Just read this from a manufacturer of electrostatic speakers and was curious if CIA amps (past or present) exhibit any problems with this type of driver:
"Some electrostatic speakers have very high capacitance. This raises the potential for three types of undesirable amplifier interaction:
1) All else being equal, the amplifier load from an ESL increases with frequency. High capacitance ESL's will have a very low impedance at high frequencies. When an amplifier that can not drive a low impedance is asked to source a lot of current at high frequencies, the amplifier will limit its output at all frequencies, creating compression, clipping, or some other overload effect.
2) The feedback loops in some amplifiers will not remain stable when driving a large capacitive load. If such an amplifier happens to begin oscillating only when called on to deliver high power, this will cause problems only at high loudness levels. The oscillations may be ultrasonic and thus inaudible, but the indirect, audible effects can include compression, hissing, intermodulation, and chirping, among others. It is also possible to throw an amplifier into an oscillating state called "motorboating", which sounds much like its namesake outboard engine. An amplifier may be harmed while oscillating, or just run warmer than usual.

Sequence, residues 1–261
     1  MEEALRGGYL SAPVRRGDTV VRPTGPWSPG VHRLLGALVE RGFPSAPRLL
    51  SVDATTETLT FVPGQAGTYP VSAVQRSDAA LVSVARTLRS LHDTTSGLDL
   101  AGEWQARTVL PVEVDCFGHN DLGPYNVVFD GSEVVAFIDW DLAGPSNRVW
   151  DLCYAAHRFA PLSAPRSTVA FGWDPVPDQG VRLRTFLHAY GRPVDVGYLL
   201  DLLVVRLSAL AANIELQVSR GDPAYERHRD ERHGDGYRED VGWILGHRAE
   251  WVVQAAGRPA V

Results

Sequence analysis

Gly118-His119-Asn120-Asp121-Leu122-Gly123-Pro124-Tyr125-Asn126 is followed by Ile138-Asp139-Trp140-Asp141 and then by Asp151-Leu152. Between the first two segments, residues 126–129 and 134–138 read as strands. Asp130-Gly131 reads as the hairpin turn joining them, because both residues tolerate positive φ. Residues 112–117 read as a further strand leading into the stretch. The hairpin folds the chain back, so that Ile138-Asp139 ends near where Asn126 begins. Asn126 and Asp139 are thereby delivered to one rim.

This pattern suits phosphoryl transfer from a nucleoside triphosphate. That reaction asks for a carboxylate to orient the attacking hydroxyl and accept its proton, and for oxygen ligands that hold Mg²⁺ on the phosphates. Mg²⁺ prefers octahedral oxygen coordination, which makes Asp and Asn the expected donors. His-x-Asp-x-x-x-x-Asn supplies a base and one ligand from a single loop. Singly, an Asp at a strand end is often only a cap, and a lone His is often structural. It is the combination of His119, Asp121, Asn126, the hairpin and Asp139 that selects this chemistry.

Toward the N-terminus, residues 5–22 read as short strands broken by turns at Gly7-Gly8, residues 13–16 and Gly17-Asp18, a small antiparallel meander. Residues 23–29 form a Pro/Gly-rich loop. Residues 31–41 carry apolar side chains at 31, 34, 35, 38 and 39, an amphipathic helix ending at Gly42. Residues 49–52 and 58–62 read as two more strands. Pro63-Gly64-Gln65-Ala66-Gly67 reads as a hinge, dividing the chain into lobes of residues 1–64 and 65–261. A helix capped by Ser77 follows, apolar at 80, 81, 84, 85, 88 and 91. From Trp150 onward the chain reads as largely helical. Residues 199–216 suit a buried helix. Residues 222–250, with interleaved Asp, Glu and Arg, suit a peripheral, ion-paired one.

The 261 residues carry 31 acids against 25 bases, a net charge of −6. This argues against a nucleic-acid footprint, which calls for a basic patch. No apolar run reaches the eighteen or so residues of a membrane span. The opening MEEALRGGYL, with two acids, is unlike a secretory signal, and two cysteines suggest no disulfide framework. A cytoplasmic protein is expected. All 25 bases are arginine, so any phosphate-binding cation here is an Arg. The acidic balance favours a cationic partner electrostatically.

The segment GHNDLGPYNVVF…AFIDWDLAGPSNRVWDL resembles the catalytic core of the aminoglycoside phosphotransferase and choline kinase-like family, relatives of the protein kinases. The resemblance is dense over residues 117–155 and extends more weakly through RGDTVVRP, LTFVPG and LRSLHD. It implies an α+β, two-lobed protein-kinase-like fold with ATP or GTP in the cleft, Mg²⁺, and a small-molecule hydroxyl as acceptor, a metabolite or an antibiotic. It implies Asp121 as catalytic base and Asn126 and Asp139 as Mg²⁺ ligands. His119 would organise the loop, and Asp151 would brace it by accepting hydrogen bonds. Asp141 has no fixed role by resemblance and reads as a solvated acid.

3) Some switching (e.g., class D) amplifier designs are incompatible with ESL's. If a switching amplifier is designed without enough high frequency feedback, and no special considerations are made in the amplifier for driving ESL's or in the speaker for being driven by switching amplifiers, then the panel capacitance forms a tank with the amplifier's output filter inductance. This will resonate when excited by high frequency signal content, normally at frequencies somewhat but not far above the audio range. It can cause various sorts of distortion, and even arcing of the panels or damage to the amplifier, at sound levels well below the usual limit."